The chances for residual confounding in area-level studies with the PAD-US-AR dataset exist if multivariate models do not control for sociodemographic characteristics of the areas encompassing parks. The PAD-US-AR has the most robust associations with home prices, shares of female residents, and shares of older presents. These should be statistically controlled in models using the PAD-US-AR as an independent variable or covariate. Other measures of socioeconomic status (i.e., median household income) might be insufficient to avoid residual confounding in ecological studies with PAD-US-AR data.
Since the PAD-US-AR was curated nationwide, it is most appropriate for use at larger geographic scales (i.e., regional and national). Studies focusing on smaller geographic contexts, such as within individual cities or states, should partner with local land management agencies and recreation departments to ensure PAD-US-AR data accurately represent all parks and protected areas managed for public outdoor recreation. Since ownership boundaries and land acquisitions can change annually, local land management agencies might also be able to identify new parks that aren’t present in the PAD-US-AR. Smaller-scale analyses may allow manual selection of land parcels with building footprints that occupy most of the area.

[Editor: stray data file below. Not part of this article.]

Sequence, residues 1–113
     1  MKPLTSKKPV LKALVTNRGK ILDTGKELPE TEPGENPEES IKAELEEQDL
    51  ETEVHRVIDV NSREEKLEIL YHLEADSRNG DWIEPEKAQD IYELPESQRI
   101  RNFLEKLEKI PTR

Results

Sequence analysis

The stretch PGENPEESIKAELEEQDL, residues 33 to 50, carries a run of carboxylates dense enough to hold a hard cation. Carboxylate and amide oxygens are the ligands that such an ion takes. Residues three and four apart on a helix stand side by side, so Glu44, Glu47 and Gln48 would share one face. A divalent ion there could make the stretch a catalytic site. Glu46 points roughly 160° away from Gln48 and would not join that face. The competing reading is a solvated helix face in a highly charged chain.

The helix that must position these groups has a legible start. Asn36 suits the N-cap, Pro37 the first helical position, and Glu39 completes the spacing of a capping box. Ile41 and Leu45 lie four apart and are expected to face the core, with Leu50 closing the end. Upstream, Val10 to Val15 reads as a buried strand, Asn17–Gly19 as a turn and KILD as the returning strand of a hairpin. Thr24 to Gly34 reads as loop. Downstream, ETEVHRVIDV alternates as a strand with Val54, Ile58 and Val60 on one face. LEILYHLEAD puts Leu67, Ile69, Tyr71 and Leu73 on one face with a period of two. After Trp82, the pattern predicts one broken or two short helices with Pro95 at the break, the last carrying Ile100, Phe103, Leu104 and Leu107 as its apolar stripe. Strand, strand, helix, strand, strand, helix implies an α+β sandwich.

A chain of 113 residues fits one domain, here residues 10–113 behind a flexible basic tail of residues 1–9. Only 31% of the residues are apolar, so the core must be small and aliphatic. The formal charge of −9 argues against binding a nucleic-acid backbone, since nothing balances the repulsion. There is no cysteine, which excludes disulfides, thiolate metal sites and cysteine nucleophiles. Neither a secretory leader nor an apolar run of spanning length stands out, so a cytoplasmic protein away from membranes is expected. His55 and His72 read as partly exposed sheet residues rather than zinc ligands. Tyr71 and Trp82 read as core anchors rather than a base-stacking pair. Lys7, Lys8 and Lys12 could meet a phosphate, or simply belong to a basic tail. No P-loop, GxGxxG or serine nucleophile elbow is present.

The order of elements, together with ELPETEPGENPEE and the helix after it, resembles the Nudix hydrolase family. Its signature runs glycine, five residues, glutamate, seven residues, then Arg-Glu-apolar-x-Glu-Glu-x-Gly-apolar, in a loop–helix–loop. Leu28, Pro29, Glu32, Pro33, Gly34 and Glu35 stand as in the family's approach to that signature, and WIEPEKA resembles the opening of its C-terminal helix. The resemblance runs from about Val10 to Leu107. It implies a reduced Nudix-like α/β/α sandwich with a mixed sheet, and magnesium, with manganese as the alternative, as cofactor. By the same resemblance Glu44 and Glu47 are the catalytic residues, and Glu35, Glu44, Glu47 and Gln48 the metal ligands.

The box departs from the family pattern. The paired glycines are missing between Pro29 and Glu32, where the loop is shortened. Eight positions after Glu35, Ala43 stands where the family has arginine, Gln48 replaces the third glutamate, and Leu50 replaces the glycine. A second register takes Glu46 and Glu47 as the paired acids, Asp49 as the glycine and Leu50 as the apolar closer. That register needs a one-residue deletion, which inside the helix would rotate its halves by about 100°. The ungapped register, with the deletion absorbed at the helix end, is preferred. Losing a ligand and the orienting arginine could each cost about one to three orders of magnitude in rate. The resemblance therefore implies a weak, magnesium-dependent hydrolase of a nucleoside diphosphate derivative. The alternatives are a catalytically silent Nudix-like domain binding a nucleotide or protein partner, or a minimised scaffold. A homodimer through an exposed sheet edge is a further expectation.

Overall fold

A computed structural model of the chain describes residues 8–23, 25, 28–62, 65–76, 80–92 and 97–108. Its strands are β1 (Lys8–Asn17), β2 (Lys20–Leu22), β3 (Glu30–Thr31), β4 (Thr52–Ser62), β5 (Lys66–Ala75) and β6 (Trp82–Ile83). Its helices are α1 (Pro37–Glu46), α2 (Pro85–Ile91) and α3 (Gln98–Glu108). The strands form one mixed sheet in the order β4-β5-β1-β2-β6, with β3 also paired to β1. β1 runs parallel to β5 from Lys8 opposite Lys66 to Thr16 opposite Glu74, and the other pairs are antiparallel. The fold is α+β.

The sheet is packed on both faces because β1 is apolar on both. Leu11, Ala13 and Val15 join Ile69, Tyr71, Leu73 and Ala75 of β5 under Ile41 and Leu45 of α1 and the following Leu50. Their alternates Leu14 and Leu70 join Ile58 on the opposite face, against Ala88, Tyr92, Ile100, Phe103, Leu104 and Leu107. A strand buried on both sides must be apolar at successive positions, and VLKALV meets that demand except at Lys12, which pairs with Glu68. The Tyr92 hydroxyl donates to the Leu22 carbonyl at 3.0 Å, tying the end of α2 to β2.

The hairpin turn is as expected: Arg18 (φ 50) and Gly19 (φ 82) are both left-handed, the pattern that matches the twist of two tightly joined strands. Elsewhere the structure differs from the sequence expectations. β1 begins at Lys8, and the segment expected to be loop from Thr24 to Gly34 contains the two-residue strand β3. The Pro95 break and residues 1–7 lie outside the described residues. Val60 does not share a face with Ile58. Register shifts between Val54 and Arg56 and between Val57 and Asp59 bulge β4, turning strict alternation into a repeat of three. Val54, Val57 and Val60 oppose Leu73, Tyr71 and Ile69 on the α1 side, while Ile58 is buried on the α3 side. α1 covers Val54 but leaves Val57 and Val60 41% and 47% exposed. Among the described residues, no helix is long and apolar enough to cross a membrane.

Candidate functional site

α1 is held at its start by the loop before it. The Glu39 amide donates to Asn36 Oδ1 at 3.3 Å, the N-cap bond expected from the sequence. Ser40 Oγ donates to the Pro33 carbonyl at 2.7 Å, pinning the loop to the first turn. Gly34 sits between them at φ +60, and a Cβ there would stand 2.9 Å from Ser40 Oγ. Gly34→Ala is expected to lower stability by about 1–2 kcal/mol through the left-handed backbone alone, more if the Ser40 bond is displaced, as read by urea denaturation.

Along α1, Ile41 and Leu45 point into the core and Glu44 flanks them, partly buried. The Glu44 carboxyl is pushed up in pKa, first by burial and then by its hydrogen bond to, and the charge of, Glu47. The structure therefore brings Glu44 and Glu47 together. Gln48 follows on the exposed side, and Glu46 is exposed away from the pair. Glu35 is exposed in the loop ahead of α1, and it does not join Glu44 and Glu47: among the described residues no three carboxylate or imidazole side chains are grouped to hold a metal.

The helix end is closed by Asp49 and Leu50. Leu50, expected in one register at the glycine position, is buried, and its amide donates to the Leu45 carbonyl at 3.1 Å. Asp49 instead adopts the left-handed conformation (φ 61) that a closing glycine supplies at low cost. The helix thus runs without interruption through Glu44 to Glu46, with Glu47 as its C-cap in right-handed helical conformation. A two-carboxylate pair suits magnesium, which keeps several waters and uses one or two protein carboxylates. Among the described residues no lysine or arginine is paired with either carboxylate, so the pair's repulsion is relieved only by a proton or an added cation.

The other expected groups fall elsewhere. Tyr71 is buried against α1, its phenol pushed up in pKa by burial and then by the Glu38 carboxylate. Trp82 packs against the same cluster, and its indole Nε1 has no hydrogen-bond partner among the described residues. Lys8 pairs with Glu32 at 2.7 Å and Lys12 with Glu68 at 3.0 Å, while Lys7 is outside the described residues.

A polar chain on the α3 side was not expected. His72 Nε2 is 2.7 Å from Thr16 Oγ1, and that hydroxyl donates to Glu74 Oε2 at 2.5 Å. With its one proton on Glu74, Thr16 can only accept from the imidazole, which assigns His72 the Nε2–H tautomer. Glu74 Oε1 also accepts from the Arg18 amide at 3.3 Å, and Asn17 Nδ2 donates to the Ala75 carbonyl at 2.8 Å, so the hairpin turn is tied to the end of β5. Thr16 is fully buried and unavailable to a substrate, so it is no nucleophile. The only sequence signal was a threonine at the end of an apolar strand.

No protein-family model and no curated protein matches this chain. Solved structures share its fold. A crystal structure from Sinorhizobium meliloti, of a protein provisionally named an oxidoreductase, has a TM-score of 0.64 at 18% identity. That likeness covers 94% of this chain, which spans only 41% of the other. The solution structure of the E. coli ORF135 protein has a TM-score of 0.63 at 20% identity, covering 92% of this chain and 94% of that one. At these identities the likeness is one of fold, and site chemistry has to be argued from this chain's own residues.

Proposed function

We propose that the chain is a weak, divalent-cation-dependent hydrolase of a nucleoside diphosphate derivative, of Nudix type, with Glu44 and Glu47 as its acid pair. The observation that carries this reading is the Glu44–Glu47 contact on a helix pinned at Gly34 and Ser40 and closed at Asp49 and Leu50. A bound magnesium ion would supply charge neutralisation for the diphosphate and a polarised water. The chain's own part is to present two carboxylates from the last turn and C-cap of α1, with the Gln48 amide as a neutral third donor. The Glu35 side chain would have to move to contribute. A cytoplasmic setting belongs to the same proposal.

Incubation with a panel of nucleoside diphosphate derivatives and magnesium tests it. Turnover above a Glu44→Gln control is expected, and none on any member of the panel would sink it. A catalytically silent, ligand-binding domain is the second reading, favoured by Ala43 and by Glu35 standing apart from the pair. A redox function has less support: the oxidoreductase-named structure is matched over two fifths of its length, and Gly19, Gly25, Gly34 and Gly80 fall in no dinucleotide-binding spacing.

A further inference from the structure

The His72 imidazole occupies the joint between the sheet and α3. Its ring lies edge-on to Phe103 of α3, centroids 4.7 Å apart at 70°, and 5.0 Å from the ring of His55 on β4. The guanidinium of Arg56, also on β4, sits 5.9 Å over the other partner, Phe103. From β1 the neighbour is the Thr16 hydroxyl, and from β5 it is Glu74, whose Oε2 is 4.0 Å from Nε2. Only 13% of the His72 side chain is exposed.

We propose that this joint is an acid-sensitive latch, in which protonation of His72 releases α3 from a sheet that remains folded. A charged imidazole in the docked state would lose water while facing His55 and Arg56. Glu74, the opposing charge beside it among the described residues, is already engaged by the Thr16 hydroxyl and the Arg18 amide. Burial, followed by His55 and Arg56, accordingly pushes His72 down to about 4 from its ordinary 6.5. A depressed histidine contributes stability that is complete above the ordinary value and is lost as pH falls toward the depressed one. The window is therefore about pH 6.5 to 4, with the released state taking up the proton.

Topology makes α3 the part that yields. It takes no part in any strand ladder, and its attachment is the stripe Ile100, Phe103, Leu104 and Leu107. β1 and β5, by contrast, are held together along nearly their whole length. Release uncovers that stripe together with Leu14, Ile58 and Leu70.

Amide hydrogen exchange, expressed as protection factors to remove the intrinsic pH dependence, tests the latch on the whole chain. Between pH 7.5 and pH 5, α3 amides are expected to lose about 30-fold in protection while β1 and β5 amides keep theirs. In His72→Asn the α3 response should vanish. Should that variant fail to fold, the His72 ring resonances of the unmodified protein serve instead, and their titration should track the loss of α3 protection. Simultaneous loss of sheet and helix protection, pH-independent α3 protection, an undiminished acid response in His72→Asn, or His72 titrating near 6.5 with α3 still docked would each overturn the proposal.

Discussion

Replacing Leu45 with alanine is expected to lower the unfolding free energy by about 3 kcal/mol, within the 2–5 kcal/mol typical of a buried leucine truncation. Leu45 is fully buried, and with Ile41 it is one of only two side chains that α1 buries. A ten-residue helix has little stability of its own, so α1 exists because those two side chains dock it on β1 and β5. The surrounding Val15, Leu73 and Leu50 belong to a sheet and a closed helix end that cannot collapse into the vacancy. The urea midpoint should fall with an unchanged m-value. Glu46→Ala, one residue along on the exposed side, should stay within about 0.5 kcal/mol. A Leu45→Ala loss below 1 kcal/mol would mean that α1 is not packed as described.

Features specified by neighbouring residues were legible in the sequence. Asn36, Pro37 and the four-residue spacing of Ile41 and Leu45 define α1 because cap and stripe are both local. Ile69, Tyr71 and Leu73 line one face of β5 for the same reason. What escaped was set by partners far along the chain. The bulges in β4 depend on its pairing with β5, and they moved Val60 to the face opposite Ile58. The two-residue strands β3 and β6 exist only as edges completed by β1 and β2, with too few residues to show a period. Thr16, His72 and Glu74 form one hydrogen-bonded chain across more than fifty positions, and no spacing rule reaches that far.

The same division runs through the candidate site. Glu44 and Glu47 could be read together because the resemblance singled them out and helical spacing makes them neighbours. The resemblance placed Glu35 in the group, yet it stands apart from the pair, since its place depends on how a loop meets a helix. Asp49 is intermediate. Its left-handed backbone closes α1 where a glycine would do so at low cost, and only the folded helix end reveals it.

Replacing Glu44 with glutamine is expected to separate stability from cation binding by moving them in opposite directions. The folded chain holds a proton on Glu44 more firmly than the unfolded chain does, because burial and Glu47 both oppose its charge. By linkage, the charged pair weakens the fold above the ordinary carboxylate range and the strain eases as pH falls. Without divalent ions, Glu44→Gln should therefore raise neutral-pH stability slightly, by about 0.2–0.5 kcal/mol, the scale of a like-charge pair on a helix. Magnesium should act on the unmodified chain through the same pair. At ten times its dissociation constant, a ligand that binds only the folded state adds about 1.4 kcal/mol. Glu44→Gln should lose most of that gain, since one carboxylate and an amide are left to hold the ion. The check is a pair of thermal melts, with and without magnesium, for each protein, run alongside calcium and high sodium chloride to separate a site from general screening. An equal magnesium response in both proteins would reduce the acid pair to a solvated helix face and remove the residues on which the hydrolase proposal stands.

The PAD-US-AR may be best conceived as the minimum park coverage level. We excluded the approximately 35,000 areas covering over 42,000 km2 with unknown public access in the PAD-US. Some private parks, such as golf courses or community parks restricted to residents who pay homeowner association fees, can provide opportunities for outdoor recreation that activate the same health-promoting pathways as public parks. People living in the counties and tracts presented in the datasets may have more access to outdoor recreational opportunities than suggested by the PAD-US-AR.
As the nature-health literature expands, exposure estimates are expected to develop and be refined. The PAD-US-AR presents a significant advancement in this body of literature by offering researchers an assessment of where parks are available for outdoor recreation.
R (4.1.2) was used to generate the PAD-US-AR48 dataset and results. QGIS (3.18.3) was used to create the maps. Scripts and source data to reproduce results are available on OSF (https://osf.io/pwdsg/).
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The authors are incredibly grateful for the time and attention Kuiran Zhang and Fu Li (Clemson University Virtual Reality & Nature Lab, Clemson, SC) paid to the quality assurance quality control check of the R scripts and results. The authors also thank the following individuals for consulting on the curation of state trust lands: Jordan Smith, Associate Professor in the Environment and Society Department and Director of the Institute for Outdoor Recreation and Tourism, Utah State University, Logan; Ben Lawhon, Senior Director of Research and Consulting, Leave No Trace, Boulder, CO; and Liz “Snorkel” Thomas, professional hiker, author, and speaker, www.eathomas.com. Last, the authors thank Clemson University for its allotment of computing time on the Palmetto Cluster.
The authors declare no competing interests.
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Browning, M.H.E.M., Rigolon, A., Ogletree, S. et al. The PAD-US-AR dataset: Measuring accessible and recreational parks in the contiguous United States. Sci Data 9, 773 (2022). https://doi.org/10.1038/s41597-022-01857-7